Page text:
Promising Outcomes of Original Grant:
The goals of the original grant were to expand the number of PD patients enrolled, incorporate new questionnaires for recording non-motor manifestations of PD, assess the potential of skin and olfactory bulb as biopsy sites for diagnosing PD, test current pathological staging systems for PD and survey the spinal cord and peripheral nervous system for the distribution of Lewy body-related pathology. These goals were accomplished with especially promising outcomes being the first detailed description of mild cognitive impairment in PD, the identification of incidental Lewy body disease as a probable preclinical stage of PD, development of statistical models for the development of PD and for dementia in PD, publication of an improved pathological staging system for PD and the first detailed mapping of Lewy body-related pathology in the spinal cord and peripheral nervous system.
Objectives for Supplemental Investigation:
With the supplemental grant the goals are to further increase enrollment of PD subjects, improve the database so that external investigators will be able to access clinical and neuropathological data, further refine statistical models for the development of PD or cognitive decline in PD, expand tissue-based collaborative investigations with external investigators and test the hypothesis that post-translational alpha-synuclein modifications occur at an early stage of PD pathogenesis. This series of investigations will thus expand on what was achieved in the original project, test an important molecular hypothesis and greatly accelerate studies of the Brain and Body Donation Program population by incorporating several new projects led by external investigators that were awarded grants for this purpose through a concurrent MJFF initiative, Clinicopathological Correlations of Parkinson’s Disease.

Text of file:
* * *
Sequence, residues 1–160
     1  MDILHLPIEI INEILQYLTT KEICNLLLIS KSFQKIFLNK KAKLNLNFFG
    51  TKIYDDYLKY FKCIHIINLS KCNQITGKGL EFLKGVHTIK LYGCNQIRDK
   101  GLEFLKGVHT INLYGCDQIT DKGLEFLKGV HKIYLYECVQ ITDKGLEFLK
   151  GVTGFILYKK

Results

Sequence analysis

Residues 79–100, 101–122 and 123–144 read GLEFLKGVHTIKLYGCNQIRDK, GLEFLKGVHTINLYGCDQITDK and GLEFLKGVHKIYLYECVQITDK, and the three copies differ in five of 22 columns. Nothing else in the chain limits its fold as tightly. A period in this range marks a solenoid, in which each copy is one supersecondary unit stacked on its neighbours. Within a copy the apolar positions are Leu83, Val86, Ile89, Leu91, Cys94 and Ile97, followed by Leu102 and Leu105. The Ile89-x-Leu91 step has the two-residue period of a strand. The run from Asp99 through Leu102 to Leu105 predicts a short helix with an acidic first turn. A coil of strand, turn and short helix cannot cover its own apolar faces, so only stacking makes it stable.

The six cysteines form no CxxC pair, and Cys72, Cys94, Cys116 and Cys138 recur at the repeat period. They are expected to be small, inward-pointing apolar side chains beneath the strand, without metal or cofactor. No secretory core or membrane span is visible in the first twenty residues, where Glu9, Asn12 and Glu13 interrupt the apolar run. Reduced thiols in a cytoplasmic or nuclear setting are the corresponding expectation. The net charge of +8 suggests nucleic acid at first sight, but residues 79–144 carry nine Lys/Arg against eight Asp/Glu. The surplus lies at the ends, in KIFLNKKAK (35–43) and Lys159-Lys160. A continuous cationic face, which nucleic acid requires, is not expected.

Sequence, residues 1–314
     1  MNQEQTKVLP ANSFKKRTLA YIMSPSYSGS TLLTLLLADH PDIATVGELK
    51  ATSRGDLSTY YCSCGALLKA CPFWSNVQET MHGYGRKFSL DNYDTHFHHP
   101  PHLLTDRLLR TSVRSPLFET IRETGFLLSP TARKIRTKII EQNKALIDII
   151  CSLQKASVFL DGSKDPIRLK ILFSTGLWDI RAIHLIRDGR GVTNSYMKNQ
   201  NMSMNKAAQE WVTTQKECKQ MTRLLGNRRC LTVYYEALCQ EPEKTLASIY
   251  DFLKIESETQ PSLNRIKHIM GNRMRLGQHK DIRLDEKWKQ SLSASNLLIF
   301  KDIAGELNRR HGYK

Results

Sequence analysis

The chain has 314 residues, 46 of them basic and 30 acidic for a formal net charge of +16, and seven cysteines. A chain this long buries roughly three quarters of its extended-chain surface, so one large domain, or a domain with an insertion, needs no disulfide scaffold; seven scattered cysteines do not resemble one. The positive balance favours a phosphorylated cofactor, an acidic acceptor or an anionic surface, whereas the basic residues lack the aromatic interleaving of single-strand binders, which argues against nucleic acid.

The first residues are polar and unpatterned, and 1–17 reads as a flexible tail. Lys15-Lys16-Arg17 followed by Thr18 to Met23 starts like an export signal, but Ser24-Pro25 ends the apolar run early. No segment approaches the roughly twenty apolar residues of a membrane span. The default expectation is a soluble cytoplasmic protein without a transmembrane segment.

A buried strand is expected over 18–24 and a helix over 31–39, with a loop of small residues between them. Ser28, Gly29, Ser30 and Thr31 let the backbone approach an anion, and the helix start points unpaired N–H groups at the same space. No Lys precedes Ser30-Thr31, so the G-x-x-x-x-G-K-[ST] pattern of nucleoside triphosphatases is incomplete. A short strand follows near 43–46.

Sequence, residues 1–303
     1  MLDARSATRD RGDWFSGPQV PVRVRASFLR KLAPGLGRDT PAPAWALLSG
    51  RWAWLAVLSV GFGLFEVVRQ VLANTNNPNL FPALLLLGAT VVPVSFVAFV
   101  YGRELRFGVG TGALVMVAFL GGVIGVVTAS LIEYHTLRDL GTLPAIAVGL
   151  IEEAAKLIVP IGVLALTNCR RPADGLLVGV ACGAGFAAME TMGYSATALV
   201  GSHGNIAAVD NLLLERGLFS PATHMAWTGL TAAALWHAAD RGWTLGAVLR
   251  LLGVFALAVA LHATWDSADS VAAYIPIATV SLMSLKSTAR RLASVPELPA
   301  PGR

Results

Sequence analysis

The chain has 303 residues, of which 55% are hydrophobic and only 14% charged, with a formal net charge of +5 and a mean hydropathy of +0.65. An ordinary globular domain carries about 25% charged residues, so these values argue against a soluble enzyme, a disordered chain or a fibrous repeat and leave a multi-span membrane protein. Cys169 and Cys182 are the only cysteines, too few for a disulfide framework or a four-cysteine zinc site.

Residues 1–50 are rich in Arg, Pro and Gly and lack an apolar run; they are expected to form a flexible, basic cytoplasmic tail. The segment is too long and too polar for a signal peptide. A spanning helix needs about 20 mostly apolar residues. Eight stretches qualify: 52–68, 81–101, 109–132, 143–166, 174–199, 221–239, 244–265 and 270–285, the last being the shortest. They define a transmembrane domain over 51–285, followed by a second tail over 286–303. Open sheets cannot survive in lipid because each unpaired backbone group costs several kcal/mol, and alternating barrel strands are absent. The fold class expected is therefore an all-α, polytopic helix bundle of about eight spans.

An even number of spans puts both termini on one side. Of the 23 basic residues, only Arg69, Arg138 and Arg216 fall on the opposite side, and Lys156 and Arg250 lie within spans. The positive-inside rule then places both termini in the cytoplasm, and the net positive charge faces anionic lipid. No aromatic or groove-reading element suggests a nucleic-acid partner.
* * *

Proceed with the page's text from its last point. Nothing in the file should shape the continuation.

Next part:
Importance of This Research for the Development of a New PD Therapy:
The Brain and Body Donation Program provides a unique resource for heretofore unperformed longitudinal clinicopathological studies of the steps leading to PD and dementia in PD. These studies will ultimately provide a detailed clinical and molecular flowchart of the critical pathways, with the twin goals being to: 1) Identify clinical or laboratory-based biomarkers that will identify subjects at increased risk. 2) Identify early molecular changes that are amenable to therapeutic intervention. Achievement of these goals will result in greatly more efficient selection of subjects entering clinical trials and in new molecular therapies directed at early disease steps.